Electronic Thesis and Dissertation Repository

Degree

Doctor of Philosophy

Program

Anthropology

Supervisor

Dr. Regna Darnell

Abstract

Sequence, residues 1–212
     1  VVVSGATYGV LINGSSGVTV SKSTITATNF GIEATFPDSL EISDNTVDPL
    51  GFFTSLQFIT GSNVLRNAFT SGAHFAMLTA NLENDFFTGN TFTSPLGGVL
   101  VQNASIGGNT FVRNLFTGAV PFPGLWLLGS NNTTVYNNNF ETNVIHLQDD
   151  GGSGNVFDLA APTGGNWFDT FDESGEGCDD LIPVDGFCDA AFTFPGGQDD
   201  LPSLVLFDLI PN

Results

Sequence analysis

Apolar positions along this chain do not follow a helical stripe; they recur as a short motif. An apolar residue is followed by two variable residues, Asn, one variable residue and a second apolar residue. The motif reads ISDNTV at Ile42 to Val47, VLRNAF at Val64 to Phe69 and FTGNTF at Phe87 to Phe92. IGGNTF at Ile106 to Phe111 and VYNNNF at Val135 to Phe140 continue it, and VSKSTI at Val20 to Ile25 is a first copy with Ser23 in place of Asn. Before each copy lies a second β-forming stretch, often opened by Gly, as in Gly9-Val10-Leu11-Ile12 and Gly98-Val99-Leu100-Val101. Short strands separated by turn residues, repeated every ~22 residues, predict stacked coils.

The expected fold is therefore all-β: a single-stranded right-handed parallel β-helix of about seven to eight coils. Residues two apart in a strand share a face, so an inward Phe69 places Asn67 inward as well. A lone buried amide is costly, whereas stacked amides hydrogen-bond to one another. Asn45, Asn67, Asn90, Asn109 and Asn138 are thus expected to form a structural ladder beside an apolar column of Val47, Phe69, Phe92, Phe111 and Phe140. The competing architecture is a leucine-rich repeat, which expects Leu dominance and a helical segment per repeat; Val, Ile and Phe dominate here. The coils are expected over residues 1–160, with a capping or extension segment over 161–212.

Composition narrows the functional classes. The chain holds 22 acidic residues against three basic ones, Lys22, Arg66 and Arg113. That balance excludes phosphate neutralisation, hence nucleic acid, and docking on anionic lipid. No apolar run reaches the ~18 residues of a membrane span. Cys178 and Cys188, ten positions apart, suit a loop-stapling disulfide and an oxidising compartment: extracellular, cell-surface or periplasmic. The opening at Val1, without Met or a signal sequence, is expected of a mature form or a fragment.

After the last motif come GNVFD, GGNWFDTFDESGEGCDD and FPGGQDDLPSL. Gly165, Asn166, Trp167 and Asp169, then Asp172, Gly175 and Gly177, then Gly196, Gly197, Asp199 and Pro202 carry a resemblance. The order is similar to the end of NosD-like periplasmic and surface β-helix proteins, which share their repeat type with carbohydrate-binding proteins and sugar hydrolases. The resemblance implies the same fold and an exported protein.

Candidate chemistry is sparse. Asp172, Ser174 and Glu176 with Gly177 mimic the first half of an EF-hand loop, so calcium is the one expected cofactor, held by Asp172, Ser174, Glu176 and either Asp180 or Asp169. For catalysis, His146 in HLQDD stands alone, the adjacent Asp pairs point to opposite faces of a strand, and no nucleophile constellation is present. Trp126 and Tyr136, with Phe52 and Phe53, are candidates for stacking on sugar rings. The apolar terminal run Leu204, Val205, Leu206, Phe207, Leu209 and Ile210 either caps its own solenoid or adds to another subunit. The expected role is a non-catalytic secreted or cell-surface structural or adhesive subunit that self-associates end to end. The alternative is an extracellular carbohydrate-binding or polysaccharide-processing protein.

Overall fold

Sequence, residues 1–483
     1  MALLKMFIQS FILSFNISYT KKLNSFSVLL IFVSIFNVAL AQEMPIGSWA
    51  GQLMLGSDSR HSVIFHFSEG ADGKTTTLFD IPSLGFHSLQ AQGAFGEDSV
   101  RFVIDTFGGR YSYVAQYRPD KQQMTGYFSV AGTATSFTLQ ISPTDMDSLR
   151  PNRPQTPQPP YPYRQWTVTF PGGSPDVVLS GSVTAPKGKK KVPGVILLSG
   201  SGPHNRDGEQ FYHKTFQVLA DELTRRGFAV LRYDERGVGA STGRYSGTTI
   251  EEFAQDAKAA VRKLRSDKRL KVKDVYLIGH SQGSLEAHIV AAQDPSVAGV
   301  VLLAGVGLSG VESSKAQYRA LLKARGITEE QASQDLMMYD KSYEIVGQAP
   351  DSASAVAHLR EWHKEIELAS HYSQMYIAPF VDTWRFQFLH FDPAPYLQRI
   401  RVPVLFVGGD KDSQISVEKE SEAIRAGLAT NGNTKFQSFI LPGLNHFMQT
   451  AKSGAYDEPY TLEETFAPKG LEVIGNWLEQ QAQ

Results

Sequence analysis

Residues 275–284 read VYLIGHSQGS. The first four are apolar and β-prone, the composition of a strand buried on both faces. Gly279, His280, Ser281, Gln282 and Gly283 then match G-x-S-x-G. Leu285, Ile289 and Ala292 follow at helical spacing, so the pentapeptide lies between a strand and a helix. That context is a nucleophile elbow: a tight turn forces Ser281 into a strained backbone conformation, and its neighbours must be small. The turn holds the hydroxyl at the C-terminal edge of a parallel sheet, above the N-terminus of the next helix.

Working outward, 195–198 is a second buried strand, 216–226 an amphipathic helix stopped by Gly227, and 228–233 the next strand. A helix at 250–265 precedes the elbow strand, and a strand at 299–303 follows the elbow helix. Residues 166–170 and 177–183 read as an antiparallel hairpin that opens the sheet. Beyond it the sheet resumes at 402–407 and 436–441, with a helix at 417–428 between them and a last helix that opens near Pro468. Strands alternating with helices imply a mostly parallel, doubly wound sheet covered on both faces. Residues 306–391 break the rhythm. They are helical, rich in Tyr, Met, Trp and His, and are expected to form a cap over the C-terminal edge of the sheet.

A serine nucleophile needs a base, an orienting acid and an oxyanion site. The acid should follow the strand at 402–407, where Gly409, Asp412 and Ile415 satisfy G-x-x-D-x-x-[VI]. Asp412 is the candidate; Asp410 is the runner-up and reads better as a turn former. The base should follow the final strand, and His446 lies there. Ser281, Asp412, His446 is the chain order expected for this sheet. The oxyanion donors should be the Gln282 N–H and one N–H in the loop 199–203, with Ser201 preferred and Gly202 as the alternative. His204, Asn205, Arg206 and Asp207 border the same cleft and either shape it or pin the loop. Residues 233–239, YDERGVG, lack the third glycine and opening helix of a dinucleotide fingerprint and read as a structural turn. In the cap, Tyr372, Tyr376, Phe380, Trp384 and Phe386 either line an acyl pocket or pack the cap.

Lolita fashion is a youth street style originating from Japan that draws on Victorian-era children’s clothing, Rococo aesthetics, and Western Punk and Gothic subculture. It is worn by teenage girls and women of a wide range of ages, and through the flow of related media and clothing aided by the Internet, Lolita style has become a global phenomenon. Wearers of the style are known as Lolitas, and local, national, and global communities can be found around the world outside Japan from North American to Europe. This study is a cross-cultural comparison of Lolita fashion wearers in Japan and North America, examining how differences in constructions of place and space; conceptualizations about girlhood and womanhood; perceptions of beauty and aesthetics; and formation of social groups and actor-networks have bearing on how an individual experiences the fashion. This work deconstructs Lolita style by using Japanese cultural concepts like shōjo (‘girl’ as a genderless being), otome (maiden), kawaii (cuteness) to explore the underlying framework that informs Japanese Lolita’s use of the fashion as a form of subversive rebellion, creating personal spaces to celebrate their individuality and revive the affects and memories of girlhood that are distanced from gendered social expectations. English-speakers, not having the same social and cultural knowledge, attempt to recontexualize Lolita fashion along the lines of feminism, sisterhood, personal style, and escape from the ‘modern’ to give meaning and purpose to their involvement with the fashion. Lolita fashion allows wearers to travel in between the lines of becoming-girl and becoming-women by offering a way to access girl-feeling and its associated happiness objects.


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